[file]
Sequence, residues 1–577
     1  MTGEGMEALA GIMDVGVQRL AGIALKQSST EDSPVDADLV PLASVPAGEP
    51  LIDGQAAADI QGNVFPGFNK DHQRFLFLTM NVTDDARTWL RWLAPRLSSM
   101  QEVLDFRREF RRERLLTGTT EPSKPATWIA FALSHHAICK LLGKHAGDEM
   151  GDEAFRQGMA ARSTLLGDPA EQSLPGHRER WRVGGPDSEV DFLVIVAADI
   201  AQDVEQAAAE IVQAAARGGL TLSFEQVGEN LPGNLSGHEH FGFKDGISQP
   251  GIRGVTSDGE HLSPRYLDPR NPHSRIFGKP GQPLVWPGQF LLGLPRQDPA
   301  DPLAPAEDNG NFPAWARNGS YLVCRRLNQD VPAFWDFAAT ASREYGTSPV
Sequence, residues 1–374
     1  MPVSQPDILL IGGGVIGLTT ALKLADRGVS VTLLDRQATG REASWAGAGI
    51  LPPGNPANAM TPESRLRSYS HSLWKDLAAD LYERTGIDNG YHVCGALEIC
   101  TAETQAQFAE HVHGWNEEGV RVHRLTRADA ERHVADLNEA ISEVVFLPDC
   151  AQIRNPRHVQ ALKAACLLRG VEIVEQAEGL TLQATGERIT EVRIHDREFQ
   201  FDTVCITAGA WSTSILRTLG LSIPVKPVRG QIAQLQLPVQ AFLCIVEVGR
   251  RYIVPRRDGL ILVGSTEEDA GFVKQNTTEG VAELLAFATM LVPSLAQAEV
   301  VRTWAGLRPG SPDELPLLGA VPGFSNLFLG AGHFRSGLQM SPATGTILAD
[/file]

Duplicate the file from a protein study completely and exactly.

Sequence, residues 1–577
     1  MTGEGMEALA GIMDVGVQRL AGIALKQSST EDSPVDADLV PLASVPAGEP
    51  LIDGQAAADI QGNVFPGFNK DHQRFLFLTM NVTDDARTWL RWLAPRLSSM
   101  QEVLDFRREF RRERLLTGTT EPSKPATWIA FALSHHAICK LLGKHAGDEM
   151  GDEAFRQGMA ARSTLLGDPA EQSLPGHRER WRVGGPDSEV DFLVIVAADI
   201  AQDVEQAAAE IVQAAARGGL TLSFEQVGEN LPGNLSGHEH FGFKDGISQP
   251  GIRGVTSDGE HLSPRYLDPR NPHSRIFGKP GQPLVWPGQF LLGLPRQDPA
   301  DPLAPAEDNG NFPAWARNGS YLVCRRLNQD VPAFWDFAAT ASREYGTSPV
Sequence, residues 1–374
     1  MPVSQPDILL IGGGVIGLTT ALKLADRGVS VTLLDRQATG REASWAGAGI
    51  LPPGNPANAM TPESRLRSYS HSLWKDLAAD LYERTGIDNG YHVCGALEIC
   101  TAETQAQFAE HVHGWNEEGV RVHRLTRADA ERHVADLNEA ISEVVFLPDC
   151  AQIRNPRHVQ ALKAACLLRG VEIVEQAEGL TLQATGERIT EVRIHDREFQ
   201  FDTVCITAGA WSTSILRTLG LSIPVKPVRG QIAQLQLPVQ AFLCIVEVGR
   251  RYIVPRRDGL ILVGSTEEDA GFVKQNTTEG VAELLAFATM LVPSLAQAEV
   301  VRTWAGLRPG SPDELPLLGA VPGFSNLFLG AGHFRSGLQM SPATGTILAD